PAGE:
Step Seven: Place the chicken thighs in the pan. In order to avoid being splashed by the oil in the pan, lay the chicken thighs gently into the pan away from you. Sear the thighs over a medium-high heat. Watch for hot sizzling oil. Sear each thigh for 3-4 minutes each side. be sure to turn them over to get a nice even sear.
Step Eight: Once the chicken thighs display a nice seared or crispy outer layer it’s time to put them in the oven to finish the cooking process. If you’re working with an oven-proof saute pan, just place the entire pan in the oven. No oven-proof pan? I recommend removing the chicken from the pan and laying it on a foiled baking sheet. Once the thighs are on the needed tray or in the pan put the chicken in the oven. Cook until the chicken thighs have reached an internal temperature of 165 degrees.
Step Nine: Now the temperature of the chicken has reached 165 degrees internally, remove it from the oven. Let it rest for five minutes before slicing. The juices need to run clear.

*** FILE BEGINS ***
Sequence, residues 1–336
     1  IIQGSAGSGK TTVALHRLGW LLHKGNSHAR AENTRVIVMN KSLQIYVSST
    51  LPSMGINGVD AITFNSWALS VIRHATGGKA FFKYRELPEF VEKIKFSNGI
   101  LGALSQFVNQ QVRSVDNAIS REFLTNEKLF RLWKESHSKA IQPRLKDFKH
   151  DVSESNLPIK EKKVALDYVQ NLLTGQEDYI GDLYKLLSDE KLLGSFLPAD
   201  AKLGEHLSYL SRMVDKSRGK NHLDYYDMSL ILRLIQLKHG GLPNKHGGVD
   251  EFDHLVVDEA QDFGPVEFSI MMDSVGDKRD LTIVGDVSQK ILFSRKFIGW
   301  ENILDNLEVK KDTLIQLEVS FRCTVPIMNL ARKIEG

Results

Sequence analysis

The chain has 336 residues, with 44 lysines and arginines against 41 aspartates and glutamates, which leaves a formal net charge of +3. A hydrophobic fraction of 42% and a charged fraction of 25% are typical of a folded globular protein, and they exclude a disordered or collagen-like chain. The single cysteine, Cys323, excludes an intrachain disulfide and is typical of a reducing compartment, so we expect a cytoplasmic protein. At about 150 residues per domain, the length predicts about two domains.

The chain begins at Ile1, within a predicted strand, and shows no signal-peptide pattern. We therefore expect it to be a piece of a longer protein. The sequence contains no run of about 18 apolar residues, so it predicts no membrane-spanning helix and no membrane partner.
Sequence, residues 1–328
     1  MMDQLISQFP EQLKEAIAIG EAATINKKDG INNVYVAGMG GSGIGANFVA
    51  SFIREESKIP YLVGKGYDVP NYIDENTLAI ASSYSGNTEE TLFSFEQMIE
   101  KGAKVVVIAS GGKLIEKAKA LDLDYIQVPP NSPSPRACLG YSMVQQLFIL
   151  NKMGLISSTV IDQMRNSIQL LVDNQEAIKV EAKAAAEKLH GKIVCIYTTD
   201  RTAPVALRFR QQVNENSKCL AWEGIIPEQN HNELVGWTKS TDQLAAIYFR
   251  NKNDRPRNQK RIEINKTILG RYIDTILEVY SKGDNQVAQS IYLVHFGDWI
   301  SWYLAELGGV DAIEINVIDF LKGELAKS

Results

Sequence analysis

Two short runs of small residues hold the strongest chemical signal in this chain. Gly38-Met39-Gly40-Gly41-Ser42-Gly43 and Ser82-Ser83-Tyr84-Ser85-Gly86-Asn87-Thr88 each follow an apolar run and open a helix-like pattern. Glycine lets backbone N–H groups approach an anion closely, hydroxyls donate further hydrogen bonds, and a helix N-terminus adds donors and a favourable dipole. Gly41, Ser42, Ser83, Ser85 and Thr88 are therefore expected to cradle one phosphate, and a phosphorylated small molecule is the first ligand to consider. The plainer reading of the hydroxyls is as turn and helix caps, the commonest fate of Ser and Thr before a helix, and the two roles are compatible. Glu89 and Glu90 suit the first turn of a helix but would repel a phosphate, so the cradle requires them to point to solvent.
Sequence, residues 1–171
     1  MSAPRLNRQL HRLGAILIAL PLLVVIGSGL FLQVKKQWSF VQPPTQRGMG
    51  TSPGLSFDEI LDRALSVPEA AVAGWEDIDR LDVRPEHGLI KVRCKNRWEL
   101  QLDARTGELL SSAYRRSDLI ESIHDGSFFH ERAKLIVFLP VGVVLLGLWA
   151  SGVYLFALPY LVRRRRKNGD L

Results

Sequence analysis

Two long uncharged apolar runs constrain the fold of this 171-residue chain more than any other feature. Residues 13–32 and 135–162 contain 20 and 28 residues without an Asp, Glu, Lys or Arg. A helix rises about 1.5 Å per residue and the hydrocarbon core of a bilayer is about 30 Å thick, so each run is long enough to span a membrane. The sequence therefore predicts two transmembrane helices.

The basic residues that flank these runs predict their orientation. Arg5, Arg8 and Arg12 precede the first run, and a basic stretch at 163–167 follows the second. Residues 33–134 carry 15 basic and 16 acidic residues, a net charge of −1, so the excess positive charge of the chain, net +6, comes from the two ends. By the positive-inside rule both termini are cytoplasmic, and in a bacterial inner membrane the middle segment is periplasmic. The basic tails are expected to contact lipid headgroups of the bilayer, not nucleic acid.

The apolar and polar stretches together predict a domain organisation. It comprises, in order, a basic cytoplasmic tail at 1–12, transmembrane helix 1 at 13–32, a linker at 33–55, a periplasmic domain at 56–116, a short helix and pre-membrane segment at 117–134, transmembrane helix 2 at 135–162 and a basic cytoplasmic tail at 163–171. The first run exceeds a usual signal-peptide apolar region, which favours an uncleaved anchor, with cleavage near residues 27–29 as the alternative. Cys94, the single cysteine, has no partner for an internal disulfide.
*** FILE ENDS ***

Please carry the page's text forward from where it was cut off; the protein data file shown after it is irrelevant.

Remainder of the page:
Serve warm. How you choose to plate your West African chicken is a matter of choice. I chose not to use rice for this particular occasion because its a battle to have our kids eat rice. Mayo-infused mashed potatoes and buttered brocolli were the sides of choice. Honestly you can pair just about any side dish you prefer. The focus of this recipe is the chicken itself.
Makes 4 servings.
Are you’re looking for a enticing wine to pair with this dish? I have a suggestion for you. West African chicken can be served up with a bottle of 2018 Elena Walch Pinot Bianco from Southern Italy. It’s crisp, layered with fruit and helps keep you palate cooled appropriately while still enjoying the spicy dish.
Featured Wine Selection: 2018 Elena Walch Pinot Bianco can be found at Bag and String Wine Merchants
Looking for more delicious inspiration? Follow The Traveling Somm on Instagram, Facebook, and YouTube.